Meteorologists don’t study meteors — they study the atmosphere, the thin layer of gas that surrounds the Earth.  The word “meteor” refers to things in the air.  Meteorology includes the study of weather patterns, climate, clouds, hurricanes, and tornadoes.  Using radar and satellites, meteorologists work to predict, or forecast, the weather.  Some scientists, called climatologists, work to understand the climate as it is now and to predict how the climate may change in the future.

Meteorologists can help us to prepare for major storms or know if today is a good day for a picnic.

Environmental Science

Environmental science is the study of the interactions of living things and their surroundings as well as their impact on the Earth.  Environmental scientists hope to find better ways of living that can also help the environment. The topics an environmental scientist might study include natural resources, pollution, alternative energy sources, and the impact of humans on Earth’s systems.

In a marine ecosystem, coral, fish, and other sea life depend on each other for survival.


Astronomy is the study of objects beyond the Earth’s atmosphere.  Earth scientists study the universe and everything in it, including galaxies, stars, planets, and the electromagnetic spectrum.

Astronomy and astronomers have shown that the planets in our solar system are not the only planets in the universe.  The universe also contains black holes, other galaxies, asteroids, comets, and nebulae. As big as Earth seems, the entire universe is vastly more enormous. Earth is just a tiny part of our universe.

Astronomers use many tools to study things in space. Earth-orbiting telescopes view stars and galaxies from the darkness of space. They may have optical and radio telescopes to see things that the human eye can't see. Spacecrafts travel great distances to send back information on faraway places.

Scientists are using telescopes to search for other planets that may have conditions favorable for life. The places they can look are near our solar system in our galaxy.

Subspecialties of Earth Science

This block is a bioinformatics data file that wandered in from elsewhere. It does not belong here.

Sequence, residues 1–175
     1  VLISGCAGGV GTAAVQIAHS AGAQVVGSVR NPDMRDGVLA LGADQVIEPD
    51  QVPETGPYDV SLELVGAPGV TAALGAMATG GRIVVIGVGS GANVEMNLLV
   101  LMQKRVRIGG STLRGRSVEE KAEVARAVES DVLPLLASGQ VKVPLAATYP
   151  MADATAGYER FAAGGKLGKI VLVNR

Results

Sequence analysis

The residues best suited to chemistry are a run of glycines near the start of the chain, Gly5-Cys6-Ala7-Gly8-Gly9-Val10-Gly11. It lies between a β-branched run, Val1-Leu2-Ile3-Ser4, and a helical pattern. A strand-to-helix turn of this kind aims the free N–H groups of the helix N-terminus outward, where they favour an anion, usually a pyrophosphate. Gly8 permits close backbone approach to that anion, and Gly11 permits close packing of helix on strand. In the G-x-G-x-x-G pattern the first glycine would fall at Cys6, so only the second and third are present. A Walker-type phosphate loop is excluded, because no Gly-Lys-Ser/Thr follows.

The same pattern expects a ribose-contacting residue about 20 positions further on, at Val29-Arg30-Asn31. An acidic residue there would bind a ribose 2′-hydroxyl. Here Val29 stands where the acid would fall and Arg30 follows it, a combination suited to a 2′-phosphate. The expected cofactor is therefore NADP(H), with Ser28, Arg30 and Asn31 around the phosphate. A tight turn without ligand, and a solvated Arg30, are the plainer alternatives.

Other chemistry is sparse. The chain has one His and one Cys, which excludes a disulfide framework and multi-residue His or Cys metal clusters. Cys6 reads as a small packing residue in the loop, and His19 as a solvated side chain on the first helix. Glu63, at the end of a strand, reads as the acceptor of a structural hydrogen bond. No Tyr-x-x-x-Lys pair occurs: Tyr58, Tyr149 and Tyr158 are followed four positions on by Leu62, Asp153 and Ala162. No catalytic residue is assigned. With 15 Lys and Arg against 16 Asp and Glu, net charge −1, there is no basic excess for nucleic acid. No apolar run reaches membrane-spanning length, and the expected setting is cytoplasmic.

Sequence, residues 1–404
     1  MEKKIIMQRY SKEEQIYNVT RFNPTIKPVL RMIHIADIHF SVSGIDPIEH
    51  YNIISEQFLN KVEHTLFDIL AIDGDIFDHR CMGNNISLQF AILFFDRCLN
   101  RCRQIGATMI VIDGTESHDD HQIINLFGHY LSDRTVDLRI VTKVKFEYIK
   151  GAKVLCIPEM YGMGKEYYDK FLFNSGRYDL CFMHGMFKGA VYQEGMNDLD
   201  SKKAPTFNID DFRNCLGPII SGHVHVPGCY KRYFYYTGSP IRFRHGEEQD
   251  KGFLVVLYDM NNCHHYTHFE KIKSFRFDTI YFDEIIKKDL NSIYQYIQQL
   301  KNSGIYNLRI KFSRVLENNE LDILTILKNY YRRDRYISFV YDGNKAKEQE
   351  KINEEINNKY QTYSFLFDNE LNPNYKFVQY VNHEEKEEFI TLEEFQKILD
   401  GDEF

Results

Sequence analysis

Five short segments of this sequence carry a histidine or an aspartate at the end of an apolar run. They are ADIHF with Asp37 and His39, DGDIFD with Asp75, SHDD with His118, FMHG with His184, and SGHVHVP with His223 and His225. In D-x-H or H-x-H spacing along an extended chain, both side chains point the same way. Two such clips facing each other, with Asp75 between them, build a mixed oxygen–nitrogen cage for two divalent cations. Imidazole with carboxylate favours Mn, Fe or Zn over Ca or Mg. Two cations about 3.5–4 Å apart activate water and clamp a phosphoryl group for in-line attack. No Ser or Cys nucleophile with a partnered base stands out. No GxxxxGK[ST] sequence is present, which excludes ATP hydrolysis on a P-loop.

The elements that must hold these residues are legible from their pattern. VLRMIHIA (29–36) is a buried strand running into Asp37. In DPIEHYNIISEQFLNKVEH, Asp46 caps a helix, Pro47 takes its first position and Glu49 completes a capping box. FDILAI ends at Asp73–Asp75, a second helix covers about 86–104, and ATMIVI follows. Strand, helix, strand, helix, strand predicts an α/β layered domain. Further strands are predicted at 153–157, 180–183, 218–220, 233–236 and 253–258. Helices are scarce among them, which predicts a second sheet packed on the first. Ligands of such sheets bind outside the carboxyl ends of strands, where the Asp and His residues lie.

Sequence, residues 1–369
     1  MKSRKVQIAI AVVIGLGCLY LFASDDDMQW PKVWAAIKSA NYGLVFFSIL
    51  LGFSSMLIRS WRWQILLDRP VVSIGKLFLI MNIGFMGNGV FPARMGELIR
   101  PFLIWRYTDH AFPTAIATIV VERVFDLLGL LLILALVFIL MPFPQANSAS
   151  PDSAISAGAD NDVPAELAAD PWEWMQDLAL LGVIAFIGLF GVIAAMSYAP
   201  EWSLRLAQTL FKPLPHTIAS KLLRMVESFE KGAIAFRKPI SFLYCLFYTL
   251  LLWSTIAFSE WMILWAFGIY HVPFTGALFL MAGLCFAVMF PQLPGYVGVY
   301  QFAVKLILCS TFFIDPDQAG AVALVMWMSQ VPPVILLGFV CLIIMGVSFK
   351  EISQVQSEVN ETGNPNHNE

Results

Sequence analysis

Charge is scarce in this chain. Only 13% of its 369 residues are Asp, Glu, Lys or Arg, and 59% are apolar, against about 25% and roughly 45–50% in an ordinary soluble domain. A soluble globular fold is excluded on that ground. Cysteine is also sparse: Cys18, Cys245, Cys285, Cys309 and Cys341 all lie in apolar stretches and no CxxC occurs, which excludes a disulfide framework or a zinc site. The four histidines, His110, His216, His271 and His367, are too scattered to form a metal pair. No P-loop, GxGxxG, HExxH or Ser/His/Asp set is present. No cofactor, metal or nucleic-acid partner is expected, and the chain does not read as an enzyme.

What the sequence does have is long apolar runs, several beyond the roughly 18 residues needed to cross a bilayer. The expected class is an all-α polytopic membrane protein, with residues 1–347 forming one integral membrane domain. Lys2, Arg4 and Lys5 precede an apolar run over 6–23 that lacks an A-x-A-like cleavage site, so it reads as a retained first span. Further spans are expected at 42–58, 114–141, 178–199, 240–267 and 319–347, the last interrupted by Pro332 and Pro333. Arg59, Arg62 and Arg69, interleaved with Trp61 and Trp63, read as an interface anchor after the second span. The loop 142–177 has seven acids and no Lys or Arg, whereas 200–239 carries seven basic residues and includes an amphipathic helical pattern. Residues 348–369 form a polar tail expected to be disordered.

Major Area of StudySubspecialtySubjects Studied
AstronomyAstrophysicsPhysics of the universe, including the physical properties of objects found in space
Planetary sciencePlanets of the solar system and the processes that form them
MeteorologyClimatologyPatterns of weather over a long period of time
Atmospheric chemistryChemistry of Earth's atmosphere, and the atmospheres of other planets
GeologyPaleontologyRemains of organisms that once lived on Earth; ancient environments
GeochemistryEarth's composition and the processes that change it
OceanographyPhysical oceanographyPhysical characteristics of oceans, such as salinity, waves, and currents
Marine geologyGeologic features of the ocean floor, including plate tectonics of the ocean
Environmental ScienceEnvironmental soil scienceInteractions between humans and the soil, such as impact of farming practices, the effects of pollution on soil, plants, and groundwater
Environmental chemistryChemical alterations to the environment through pollution and natural means

Earth’s Systems

Scientists who study Earth have identified four main Earth systems: the geosphere, atmosphere, hydrosphere, and biosphere.  Each system is unique, yet each interacts with the[a] others.  


The area from the surface of Earth down to its center is called the geosphere. The geosphere is divided into three main parts: the crust, mantle, and core. These three parts are illustrated in the diagram below.


The solid, semi-solid, and liquid land of the geosphere form layers that are physically and[b] chemically different. If someone were to cut through Earth to its center, these layers would be revealed like the layers of an onion (see image above). The outermost layer of the geosphere consists of loose soil rich in nutrients, oxygen, and silicon. Beneath that layer lies a very thin, solid crust of oxygen and silicon. Next is a thick, semi-solid mantle of oxygen, silicon, iron, and magnesium. Below that is a liquid outer core of nickel and iron. At the center of Earth is a solid inner core of nickel and iron.